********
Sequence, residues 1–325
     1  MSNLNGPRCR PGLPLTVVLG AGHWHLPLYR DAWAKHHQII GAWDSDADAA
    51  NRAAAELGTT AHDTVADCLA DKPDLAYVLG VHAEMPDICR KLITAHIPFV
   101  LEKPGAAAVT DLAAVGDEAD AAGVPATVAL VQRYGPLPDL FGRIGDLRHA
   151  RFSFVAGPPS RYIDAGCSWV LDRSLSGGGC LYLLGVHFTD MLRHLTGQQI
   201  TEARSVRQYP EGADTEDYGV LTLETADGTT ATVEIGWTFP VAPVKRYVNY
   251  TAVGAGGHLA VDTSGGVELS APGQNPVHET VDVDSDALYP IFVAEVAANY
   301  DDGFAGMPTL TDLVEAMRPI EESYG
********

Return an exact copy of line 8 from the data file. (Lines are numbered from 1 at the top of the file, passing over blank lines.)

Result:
   301  DDGFAGMPTL TDLVEAMRPI EESYG